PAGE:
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Math Help - Help proving by Mean value theorem

  1. #1
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    Help proving by Mean value theorem

    Hey everybody. The problem goes like this.

    Proof that the line y=11x+16 does not intersect the curve x^3-x in no other points different than (-2,-6) and (4,60) by Mean value theorem.

    Thanks for your help
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  2. #2
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    Start by writing 11x+16 = x^3-x

    What is your attempt at this problem?
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  3. #3
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    Quote Originally Posted by pickslides View Post
    Start by writing 11x+16 = x^3-x

    What is your attempt at this problem?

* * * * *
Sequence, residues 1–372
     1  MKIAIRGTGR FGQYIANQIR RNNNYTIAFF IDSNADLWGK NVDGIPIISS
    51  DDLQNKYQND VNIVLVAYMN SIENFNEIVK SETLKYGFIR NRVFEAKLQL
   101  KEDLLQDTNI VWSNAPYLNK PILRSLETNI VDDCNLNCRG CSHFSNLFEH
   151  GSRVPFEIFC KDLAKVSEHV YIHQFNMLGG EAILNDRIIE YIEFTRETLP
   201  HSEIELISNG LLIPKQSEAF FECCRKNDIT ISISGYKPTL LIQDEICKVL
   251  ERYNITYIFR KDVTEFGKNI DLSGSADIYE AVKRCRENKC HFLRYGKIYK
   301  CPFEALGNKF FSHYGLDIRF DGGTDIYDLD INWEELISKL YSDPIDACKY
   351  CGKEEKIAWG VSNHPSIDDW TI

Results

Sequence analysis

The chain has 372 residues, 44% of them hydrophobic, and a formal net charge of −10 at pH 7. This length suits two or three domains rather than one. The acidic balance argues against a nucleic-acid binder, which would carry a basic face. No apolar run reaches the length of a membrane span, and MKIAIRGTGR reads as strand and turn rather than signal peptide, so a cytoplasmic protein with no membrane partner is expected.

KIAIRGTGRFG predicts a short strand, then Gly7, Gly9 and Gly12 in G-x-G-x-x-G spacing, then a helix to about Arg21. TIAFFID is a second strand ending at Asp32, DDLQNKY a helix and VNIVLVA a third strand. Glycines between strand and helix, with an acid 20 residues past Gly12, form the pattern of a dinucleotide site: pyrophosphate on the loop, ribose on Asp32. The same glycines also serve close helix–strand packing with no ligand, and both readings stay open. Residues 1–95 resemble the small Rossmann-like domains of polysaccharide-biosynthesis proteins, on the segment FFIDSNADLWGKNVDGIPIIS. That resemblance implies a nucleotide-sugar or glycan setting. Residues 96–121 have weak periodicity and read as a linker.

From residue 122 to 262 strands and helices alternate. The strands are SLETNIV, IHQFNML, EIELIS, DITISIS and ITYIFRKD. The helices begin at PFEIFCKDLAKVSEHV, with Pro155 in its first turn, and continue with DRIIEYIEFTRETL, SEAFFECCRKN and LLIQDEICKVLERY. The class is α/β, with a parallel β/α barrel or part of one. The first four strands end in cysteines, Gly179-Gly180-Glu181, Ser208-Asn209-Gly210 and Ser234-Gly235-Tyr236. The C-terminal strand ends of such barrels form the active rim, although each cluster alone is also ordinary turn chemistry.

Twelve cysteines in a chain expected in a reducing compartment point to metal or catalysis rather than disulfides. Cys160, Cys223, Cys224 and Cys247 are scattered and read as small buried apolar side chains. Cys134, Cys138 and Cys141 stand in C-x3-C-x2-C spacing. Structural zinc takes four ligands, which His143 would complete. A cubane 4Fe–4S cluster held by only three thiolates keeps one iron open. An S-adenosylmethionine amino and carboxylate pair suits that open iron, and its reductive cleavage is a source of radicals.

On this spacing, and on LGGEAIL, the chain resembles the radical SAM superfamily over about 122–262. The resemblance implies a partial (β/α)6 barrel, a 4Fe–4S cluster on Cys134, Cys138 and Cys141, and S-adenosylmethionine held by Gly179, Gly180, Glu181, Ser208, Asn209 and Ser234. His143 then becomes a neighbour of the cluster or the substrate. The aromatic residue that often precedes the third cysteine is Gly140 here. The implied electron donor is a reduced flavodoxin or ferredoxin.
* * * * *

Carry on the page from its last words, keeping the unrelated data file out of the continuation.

\[0 =\left (x+2 \right )^{2} \left ( x-4 \right )\]<br />

    I dont know how to proof by Mean value theorem that only two points are the intersection between the line and the curve.

    Thanks for your help.
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  4. #4
    MHF Contributor Drexel28's Avatar
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    Quote Originally Posted by gordo151091 View Post
    \[0 =\left (x+2 \right )^{2} \left ( x-4 \right )\]<br />

    I dont know how to proof by Mean value theorem that only two points are the intersection between the line and the curve.

    Thanks for your help.
    Show that if f(x)=(x+2)^2(x-4) had another solution then f'(x) would have to equal zero somewhere on the appropriate interval.
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